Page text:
Retelling of a classic: Zemeckis’ “Pinocchio”

Erin Yandell

Staff Writer


The latest addition to the ever-growing collection of live action remakes is Disney Plus’ “Pinocchio,” directed by Robert Zemeckis and starring the talented Tom Hanks and Joseph Gordon Levitt. Live action retellings toe a fragile line, either capturing the hearts of many or butchering a beloved classic. Unfortunately, “Pinocchio” achieves the latter. 

It’s a treacherous risk attempting to put a unique spin on a worldwide moral favorite. Zemeckis’ brave attempt lacks originality and even strays away from the magic of 1940’s animated feature. The basic plot is essentially the same, with a lonely Geppetto wishing for a son, prompting a fairy to fulfill his wish as she brings a puppet, Pinocchio, to life. Pinocchio’s innocence and desire to become a real boy invites a wild adventure across town. He encounters a tricky puppet master and the enticing entrapment of Pleasure Island, eventually reuniting him with Geppeto after a formidable romp with Monstro the whale. 

While the film follows the original plot, it lacks the beauty and depth of Carlo Corrodi’s original story. In the attempt to bring to life Pinocchio’s character and drive the plot along, the audience misses out on Geppetto’s backstory. Brief scenes provide a weak explanation of the importance of the clocks and the loss of his wife and child. The film even uses the clocks to blatantly shove Disney references into the audience’s face, a shot of Woody from “Toy Story,” “Maleficent,” and even Donald Duck. We are reintroduced to the classic song, “Wish Upon a Star,” but it’s a short snippet, downplaying its allure. 

Out of the gate, Pinocchio is essentially perfect, no longer personifying a mischievous boy that learns from his mistakes. He learns lessons but they seem forced and intentional. Jiminy, a pivotal character, is present but functions more as comic relief than as a source of wisdom. Some scenes are even added that mock the story’s spirit, especially the scene where Pinocchio discovers and investigates a pile of crap in the street, humorous but a little tacky. Disney’s lazy attempt to profit from an established story once again fails miserably.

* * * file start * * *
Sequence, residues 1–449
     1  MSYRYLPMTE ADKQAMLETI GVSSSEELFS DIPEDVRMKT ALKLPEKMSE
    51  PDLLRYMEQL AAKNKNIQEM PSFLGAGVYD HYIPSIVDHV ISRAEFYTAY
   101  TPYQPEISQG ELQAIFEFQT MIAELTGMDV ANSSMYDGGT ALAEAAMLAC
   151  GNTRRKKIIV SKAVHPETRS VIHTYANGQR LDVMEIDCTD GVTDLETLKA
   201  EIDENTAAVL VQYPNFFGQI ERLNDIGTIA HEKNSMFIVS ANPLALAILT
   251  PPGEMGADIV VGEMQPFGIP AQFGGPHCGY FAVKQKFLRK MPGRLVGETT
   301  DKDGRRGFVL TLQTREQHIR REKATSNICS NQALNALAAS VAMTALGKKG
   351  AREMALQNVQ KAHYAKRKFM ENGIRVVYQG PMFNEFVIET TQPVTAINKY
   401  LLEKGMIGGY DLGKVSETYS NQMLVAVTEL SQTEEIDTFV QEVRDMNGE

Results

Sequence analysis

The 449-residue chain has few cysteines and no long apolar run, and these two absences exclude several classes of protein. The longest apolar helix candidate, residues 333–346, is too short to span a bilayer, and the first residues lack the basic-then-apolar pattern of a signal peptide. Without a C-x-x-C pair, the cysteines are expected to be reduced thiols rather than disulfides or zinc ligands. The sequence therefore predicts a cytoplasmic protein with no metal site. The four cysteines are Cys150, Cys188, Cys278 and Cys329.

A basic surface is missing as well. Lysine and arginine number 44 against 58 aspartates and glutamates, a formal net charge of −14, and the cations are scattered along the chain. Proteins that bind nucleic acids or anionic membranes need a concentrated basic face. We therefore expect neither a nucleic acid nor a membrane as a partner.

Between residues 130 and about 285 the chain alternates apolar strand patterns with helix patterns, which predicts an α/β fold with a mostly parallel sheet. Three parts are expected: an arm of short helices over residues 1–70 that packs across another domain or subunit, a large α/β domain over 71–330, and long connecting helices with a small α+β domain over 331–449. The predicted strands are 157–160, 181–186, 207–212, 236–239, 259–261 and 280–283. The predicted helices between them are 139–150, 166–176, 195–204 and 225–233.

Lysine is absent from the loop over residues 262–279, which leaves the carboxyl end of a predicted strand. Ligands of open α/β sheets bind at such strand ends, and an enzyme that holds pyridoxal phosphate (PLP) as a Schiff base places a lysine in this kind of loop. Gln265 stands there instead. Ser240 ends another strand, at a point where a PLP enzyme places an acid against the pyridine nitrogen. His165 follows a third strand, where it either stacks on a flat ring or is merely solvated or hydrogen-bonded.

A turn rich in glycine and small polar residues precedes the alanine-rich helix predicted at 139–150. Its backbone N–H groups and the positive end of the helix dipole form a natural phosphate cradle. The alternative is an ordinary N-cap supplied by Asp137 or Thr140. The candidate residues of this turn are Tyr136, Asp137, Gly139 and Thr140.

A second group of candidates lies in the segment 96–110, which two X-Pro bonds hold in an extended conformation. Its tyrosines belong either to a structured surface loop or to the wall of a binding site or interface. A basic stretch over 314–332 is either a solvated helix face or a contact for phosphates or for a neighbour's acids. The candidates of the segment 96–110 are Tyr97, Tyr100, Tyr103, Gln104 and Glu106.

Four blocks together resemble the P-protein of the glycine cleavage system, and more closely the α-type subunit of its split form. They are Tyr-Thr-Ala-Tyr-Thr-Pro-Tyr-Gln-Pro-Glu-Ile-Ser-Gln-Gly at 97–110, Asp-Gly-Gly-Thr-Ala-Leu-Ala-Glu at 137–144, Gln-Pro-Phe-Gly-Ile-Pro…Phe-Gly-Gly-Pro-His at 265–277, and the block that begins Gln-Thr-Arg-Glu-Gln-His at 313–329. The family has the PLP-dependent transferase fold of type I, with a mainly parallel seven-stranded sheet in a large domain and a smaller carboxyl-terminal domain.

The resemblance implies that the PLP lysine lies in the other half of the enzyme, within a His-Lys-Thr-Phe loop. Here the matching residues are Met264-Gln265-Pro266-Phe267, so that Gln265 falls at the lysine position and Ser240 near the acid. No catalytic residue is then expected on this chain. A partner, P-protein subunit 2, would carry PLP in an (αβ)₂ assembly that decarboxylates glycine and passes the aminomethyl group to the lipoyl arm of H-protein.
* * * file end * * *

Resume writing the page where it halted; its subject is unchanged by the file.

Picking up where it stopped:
In recent years, Disney has made multiple attempts to reintroduce well known favorites as live action tales. It has sparked major controversy between audiences; some see it as a wonderful addition to Disney’s repertoire. They are enchanted, reliving their childhood, some even experiencing it with their own children. Many view it as a creative effort that brings something new to the world while still maintaining the patent Disney magic. However, there is a large number of cynical viewers that find these remakes uninspiring and as ruining the magic of the classics. Some see it as lazy, reflecting on Disney’s reputation for making more money without having to spend time developing new ideas. These movies are also seen as a shameless attempt to incorporate star studded actors, case in point, Will Smith as the Genie in the live action “Aladdin.” Another prominent argument is that live action takes away from the genius of two-dimensional animation as it can’t compete with the magic that animation can create with characters and settings that live action is unable to effectively pull off. 

In movies such as “The Lion King,” the CGI animals are missing their expressive faces as real-life animals can’t capture intense emotions. Their personalities are unknown to the audience, but are an essential part of the story. Sure, we can express wackiness and sarcasm vocally, but it deprives the power of non-verbal expression. This is true for Pinocchio, a bland puppet, and Jiminy looking like an actual cricket. This is just one example of how live action is a subpar representation of the original.

There are some positive aspects of the remakes, nostalgia being the central component. Adults lose the playful innocence and imagination that childhood brought, and these movies are a way to escape life. It can also be a way for children to reconnect with these classic animated films with their parents while simultaneously experiencing a new version conducive to their generation. Children might not be aware of the complexities that these remakes introduce, inviting a new generation into the world of Disney magic as they claim these new movies as their own.

Despite obtaining the title of inadequacy for some adult viewers, “Pinocchio” possesses a heartening message that can capture the hearts of many children enchanted by Disney tales. The competitive world of film and television makes it difficult for works to garner success. Disney has an advantage due to its established identity, allowing for instant popularity for any movie even though it may disappoint, or charm, die hard fans. 

Categories: Arts & Entertainment, featured

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1 reply

  1. Excellent response to this new release. Thank you.


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